Pakistani men are treated like kings at home

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Pic Credit: Mimi Tran/Flickr
Pic Credit: Mimi Tran/Flickr

 

By Shazia Hobbs

 

I recently watched a ten minute clip of a ‘discussion’ on some news channel featuring three Pakistani men, the voices of the Muslims in the UK. I forced myself to watch some more featuring others in the public eye.  No wonder Islam is a laughing joke in the UK if these ‘discussions’ are what the mainstream media is showing.  Most of what I have been watching is from a few years back and most of it is full of angry voices.

The men, who shall remain nameless, are a bloody disgrace.  Shouting at each other, resorting to personal attacks that have absolutely nothing to do with the discussion and, in turn, making the discussion into a farce.  Nothing is resolved. The questions still remain unanswered, with no solutions forthcoming.

Pakistani men, from birth, are treated like kings at home; they are the much-desired son, the ‘ladla’ – darling.  The birth of a boy in a Pakistani home is a celebration.  Mollycoddled and waited on hand and foot all their lives is the future for many of these darling sons.

That has to affect their mentality and their sense of worth, surely? Imagine a life where, from birth, you are treated as a king, and everyone idolises you. Growing up you are allowed more freedom than is given to your sisters sounds good, doesn’t it?

I do have some sympathy for some of the Pakistani men though.  The outside world must be a scary place for them, a world where their word is not gospel.  A world where they are not treated as kings. The women at home may never question their judgement but in the real word people will disagree with them and not everyone will think they are wonderful.

Watching, some, Pakistani men discuss subjects they disagree on can be frustrating I have discovered, and after this article I may never do it again.  I was actually embarrassed watching some clips and only managed five minutes or so before I had to switch off only because they sounded like little boys arguing in the playground.  Treated like kings at home by their mothers and behaving like spoilt brats on the television. They had a chance to show that Islam is a religion of peace and they chose to argue, showing instead that they cannot even get along, peacefully and respectfully.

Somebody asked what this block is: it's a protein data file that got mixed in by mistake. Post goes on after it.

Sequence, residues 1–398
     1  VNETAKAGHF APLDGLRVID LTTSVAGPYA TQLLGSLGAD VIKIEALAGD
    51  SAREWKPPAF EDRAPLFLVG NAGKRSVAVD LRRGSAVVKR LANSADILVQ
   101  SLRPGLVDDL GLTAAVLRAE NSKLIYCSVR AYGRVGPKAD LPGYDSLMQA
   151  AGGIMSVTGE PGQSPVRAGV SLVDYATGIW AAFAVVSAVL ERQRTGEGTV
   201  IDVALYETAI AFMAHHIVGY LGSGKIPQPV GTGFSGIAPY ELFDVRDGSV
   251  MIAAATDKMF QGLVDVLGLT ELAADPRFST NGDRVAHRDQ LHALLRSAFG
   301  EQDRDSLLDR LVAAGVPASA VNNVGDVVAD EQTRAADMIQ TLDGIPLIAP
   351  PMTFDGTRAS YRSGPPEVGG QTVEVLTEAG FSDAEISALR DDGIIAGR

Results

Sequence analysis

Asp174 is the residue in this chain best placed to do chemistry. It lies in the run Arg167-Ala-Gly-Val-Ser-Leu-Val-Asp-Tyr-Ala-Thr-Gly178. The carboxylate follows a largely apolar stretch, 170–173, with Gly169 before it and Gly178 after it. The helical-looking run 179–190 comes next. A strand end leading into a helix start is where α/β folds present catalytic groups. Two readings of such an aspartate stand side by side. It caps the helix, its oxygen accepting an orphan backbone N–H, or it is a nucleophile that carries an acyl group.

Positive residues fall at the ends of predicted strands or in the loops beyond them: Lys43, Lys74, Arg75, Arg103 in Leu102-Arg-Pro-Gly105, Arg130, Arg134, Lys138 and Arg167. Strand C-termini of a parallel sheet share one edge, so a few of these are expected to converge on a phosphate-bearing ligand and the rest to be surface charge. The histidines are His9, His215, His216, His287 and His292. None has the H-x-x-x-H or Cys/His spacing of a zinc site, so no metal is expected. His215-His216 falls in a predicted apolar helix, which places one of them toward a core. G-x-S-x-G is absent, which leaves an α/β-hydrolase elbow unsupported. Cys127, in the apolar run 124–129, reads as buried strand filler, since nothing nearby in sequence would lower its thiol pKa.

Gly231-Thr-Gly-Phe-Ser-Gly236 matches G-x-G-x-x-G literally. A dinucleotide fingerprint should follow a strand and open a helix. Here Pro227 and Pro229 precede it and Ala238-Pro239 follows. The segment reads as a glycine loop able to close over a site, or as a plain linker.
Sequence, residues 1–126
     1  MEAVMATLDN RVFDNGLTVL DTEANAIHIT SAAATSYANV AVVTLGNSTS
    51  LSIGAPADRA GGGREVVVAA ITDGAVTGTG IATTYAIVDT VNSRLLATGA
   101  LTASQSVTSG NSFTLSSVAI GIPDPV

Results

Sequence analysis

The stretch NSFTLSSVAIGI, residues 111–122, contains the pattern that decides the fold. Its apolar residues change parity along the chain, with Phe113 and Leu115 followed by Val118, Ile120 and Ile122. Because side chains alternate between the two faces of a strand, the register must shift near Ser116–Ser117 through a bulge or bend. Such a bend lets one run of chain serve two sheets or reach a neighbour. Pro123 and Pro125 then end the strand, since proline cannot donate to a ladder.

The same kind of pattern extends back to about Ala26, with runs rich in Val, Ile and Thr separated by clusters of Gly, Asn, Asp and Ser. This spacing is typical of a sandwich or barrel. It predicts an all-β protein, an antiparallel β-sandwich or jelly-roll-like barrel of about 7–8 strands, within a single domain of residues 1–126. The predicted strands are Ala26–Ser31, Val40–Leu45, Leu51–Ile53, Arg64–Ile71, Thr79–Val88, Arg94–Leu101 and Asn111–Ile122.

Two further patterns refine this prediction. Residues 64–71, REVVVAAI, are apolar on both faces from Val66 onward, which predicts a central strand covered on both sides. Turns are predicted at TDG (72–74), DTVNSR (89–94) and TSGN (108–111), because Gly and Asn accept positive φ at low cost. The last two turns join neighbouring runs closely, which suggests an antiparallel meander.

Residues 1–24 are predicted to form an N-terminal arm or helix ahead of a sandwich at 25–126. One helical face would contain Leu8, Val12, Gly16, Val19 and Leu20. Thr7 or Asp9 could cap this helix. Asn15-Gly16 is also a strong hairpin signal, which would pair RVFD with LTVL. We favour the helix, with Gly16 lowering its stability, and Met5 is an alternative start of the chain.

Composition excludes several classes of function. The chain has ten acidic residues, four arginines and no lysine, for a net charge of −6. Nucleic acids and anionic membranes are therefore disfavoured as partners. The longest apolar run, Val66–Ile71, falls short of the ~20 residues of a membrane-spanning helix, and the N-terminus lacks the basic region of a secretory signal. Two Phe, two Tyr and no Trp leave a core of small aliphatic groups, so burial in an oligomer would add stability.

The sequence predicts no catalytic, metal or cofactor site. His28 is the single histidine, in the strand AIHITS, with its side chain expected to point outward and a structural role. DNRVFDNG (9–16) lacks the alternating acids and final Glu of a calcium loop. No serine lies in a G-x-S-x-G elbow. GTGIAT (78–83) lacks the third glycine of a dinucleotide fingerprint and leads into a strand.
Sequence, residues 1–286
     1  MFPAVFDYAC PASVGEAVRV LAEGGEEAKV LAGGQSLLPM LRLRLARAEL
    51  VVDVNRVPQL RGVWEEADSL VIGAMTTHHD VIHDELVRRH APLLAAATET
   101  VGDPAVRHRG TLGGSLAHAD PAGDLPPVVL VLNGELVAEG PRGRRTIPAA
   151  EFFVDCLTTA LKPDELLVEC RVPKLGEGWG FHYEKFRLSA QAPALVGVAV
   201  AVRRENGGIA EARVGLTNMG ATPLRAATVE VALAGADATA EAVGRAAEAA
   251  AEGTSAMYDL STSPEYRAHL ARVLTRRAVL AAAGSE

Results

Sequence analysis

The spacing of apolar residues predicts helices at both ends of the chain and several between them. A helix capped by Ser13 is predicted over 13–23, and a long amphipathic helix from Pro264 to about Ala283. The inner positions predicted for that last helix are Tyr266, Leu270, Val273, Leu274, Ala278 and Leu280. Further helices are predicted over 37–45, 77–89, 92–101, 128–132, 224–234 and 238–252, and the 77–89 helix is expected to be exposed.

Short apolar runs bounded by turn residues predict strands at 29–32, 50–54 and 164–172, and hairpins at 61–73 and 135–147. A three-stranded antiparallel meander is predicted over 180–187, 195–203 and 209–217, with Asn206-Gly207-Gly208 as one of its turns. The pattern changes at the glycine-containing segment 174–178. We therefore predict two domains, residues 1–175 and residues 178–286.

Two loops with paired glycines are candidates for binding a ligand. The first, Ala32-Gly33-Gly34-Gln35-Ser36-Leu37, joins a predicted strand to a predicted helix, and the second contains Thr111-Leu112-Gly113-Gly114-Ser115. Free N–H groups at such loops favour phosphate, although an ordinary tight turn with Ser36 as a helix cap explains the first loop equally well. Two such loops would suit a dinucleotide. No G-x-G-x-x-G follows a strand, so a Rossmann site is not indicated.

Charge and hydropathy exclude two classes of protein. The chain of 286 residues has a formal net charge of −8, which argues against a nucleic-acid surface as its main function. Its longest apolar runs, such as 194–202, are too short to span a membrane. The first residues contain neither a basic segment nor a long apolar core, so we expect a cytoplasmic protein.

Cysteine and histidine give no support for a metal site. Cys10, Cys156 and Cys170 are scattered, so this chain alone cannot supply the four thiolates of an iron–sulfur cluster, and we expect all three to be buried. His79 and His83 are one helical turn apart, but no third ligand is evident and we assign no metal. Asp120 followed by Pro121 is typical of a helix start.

The hate and resentment between Pakistani men in the public eye is embarrassing.  You only have to log onto Twitter and follow some threads and cringe. Grown men interacting like angry teenagers for the entire world to see. The unhealthy sense of entitlement is easy to witness in many Pakistani men who are active on social media and in the public eye.

As a woman of Pakistani heritage I have witnessed first hand the difference in treatment shown towards boys and girls in Pakistani families and the wider community.  So I know it is pointless to debate the boys on social media, they will rarely back down and admit a girl is making a valid point.  They would rather slander and hurl abuse at those who dare to stand up to them and question their word.

Some of these men have grown up with mothers who have only ever cooked and cleaned and had babies. Any girls born into the family would have the same fate as the mother and their place would be at home. Their immediate family may also have similar traditions and cultures. They are not used to Pakistani women calling them out on their ‘bakwas’ – nonsense. The women in their family keep quiet, they have no voice and few rights and for men from these kinds of families dealing with a strong Pakistani woman is not something they are used to. It is easier to show contempt and hate than have a reasonable debate and listen to a woman’s point of view.

The blame doesn’t lie entirely with Pakistani men though and mothers have to take their share of the responsibility. The sense of entitlement can only be erased when boys are raised as equals to girls and not treated like kings who can do no wrong.

 

Shazia Hobbs is the author of The Gori’s Daughter, her debut novel, and is currently writing her next novel, The Gori. Shazia is a full-time mum and her days are spent doing the school run, after-school activities, cooking, cleaning and walking the dog. Somewhere in between all of these chores she finds the time to write.

Follow her on Twitter.

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